||The examples and perspective in this article deal primarily with the United States and do not represent a worldwide view of the subject. (December 2010)|
Roll call is the calling of the names of people from a list (roll) to determine the presence or absence of the listed people (also known as a register in regions such as the United Kingdom). The term applies to the calling itself, to the time moment of this procedure, and to a military signal that announces it (e.g. by a drum).
In traditions of some schools, the term refers to a general assembly for various daily announcements.
A roll call of honor is a ceremonial roll call of honorably fallen people or a list of these people.
Both houses of the United States Congress are given broad latitude to establish their own rules under Article One of the United States Constitution. No court has ever challenged this occasionally controversial practice by striking down a law passed without the physical presence of a majority of senators in the chamber at the time of passage, although there have been attempts to challenge some acts on this ground, such as the Palm Sunday Compromise in the case of Terri Schiavo.
In the 20th century, electrical devices were installed that permit most quorum calls in either house to be taken automatically. The Speaker of the House or the President pro tem of the Senate may direct the clerk to use an oral roll call.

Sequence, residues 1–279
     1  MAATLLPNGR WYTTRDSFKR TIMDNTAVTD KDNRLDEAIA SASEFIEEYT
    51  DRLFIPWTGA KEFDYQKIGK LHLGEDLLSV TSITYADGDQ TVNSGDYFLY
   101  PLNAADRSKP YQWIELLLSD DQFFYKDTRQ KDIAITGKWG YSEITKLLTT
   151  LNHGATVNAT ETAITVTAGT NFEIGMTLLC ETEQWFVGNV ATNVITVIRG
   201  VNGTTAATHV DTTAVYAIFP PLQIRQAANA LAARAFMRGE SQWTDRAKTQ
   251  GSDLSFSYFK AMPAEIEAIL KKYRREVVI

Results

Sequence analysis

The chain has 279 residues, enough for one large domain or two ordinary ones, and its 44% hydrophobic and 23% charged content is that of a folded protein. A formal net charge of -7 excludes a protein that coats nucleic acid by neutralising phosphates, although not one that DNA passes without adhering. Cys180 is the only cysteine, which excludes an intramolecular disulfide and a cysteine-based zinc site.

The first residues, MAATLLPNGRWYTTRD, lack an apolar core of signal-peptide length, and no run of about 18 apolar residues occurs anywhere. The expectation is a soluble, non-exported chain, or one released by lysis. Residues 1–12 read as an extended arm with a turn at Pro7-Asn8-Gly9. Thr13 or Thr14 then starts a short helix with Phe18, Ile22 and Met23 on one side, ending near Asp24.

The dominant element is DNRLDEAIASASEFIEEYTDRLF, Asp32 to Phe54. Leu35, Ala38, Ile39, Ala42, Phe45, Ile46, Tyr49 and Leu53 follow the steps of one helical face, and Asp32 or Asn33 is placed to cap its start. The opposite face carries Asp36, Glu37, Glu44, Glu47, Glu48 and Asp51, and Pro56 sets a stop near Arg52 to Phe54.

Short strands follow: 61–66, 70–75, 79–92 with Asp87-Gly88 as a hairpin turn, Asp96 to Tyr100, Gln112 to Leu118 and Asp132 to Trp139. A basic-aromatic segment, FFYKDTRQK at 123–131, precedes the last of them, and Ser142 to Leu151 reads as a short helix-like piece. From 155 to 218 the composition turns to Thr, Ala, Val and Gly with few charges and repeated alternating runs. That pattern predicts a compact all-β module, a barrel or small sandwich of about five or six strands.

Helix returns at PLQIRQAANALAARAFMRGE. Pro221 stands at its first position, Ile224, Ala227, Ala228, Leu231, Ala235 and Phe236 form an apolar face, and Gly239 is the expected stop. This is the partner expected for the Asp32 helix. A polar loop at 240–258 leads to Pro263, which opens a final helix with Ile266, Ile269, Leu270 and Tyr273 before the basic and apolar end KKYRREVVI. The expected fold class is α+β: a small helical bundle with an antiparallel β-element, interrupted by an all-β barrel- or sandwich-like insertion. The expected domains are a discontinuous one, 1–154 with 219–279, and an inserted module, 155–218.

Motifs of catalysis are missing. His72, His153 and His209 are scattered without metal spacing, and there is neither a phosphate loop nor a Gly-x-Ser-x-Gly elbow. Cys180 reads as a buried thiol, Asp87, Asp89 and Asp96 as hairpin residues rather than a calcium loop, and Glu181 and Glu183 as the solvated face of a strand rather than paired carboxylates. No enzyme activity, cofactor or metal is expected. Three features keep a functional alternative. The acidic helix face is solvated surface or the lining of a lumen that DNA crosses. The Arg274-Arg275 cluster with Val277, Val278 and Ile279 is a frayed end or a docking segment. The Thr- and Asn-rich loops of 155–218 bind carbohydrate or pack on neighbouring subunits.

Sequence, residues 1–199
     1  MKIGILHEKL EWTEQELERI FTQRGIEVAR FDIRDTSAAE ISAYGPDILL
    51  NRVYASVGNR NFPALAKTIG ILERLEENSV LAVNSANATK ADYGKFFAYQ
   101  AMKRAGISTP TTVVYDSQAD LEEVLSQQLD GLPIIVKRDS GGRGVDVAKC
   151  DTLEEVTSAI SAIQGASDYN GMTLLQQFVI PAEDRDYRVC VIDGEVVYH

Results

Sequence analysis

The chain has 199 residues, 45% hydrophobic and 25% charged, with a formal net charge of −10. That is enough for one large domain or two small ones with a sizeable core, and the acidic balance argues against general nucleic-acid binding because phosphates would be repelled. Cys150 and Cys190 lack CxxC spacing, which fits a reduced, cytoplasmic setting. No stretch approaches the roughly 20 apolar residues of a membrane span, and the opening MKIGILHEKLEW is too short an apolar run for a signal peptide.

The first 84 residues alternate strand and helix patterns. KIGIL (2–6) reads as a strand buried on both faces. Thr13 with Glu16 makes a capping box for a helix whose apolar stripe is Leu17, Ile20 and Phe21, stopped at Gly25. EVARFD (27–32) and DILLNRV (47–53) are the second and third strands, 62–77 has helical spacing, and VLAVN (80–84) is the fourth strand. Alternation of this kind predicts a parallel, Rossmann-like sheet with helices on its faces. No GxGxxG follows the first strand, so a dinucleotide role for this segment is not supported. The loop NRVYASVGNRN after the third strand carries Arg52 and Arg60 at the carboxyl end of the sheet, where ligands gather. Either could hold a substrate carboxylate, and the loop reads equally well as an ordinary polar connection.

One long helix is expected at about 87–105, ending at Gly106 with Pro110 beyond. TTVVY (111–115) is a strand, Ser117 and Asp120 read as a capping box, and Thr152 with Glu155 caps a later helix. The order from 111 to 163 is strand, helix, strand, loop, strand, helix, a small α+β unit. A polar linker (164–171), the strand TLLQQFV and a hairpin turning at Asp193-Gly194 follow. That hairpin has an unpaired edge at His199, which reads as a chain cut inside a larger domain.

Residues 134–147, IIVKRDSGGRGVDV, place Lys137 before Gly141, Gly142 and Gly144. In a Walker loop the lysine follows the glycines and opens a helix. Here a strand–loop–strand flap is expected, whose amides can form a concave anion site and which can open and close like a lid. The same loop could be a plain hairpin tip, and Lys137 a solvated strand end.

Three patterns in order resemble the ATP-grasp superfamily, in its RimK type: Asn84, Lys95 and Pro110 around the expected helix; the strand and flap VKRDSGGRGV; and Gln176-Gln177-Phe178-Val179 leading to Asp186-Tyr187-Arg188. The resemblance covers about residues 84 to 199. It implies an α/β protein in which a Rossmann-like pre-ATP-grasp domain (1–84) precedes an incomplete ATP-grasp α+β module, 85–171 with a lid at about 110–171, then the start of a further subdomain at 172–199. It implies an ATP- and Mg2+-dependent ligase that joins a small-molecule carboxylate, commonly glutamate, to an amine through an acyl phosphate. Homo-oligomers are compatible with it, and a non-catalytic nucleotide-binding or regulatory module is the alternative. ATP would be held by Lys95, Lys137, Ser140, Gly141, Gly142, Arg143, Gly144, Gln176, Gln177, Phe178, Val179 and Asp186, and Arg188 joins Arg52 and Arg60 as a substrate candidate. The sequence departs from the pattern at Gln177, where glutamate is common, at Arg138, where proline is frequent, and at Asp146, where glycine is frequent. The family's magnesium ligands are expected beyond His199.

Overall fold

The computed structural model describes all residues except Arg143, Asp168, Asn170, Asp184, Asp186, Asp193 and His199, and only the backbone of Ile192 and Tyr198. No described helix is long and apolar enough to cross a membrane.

By the standing rules of the United States Senate, the quorum may be established by a roll call (quorum call) only and not by any other method, such as a head count. Any senator may demand a roll call at any moment to establish the quorum. Once the call is performed the quorum is assumed to be present until a senator suggests otherwise. This practice enables the Senate to engage in debate and conduct less controversial business without requiring the physical presence of fifty-one senators in the chamber.
House of Representatives
The House allows for a quorum call, which is effectively the same as a roll call. The Speaker of the House can direct a vote or quorum to be taken by tellers, who are assistants of the Clerk. In this case Members will come to the front of the Chamber to have their votes recorded manually by a teller. The history of 200 years of parliamentary procedural rulings governs arcane rules surrounding the recording of votes or quorums by tellers.
In many United States police departments a daily roll call and inspection is performed. For uniformed units, the procedure is typically as follows: Officers present themselves to their supervisor for inspection. This is to ensure that officers are properly and professionally attired. Weapons and other equipment are inspected to ensure they are in working order and ready for use. The roll is called, followed by a briefing. This may include daily assignments, information on recent crimes, descriptions of wanted or missing persons, important notifications from the previous shift, and any other information deemed necessary or useful. This event was a hallmark for many police shows like Adam-12, Hill Street Blues, COPS, and Reno 911!.
- Recorded vote in the United States Congress, often called a roll-call vote.
- Division (vote)
- Lament for the Makaris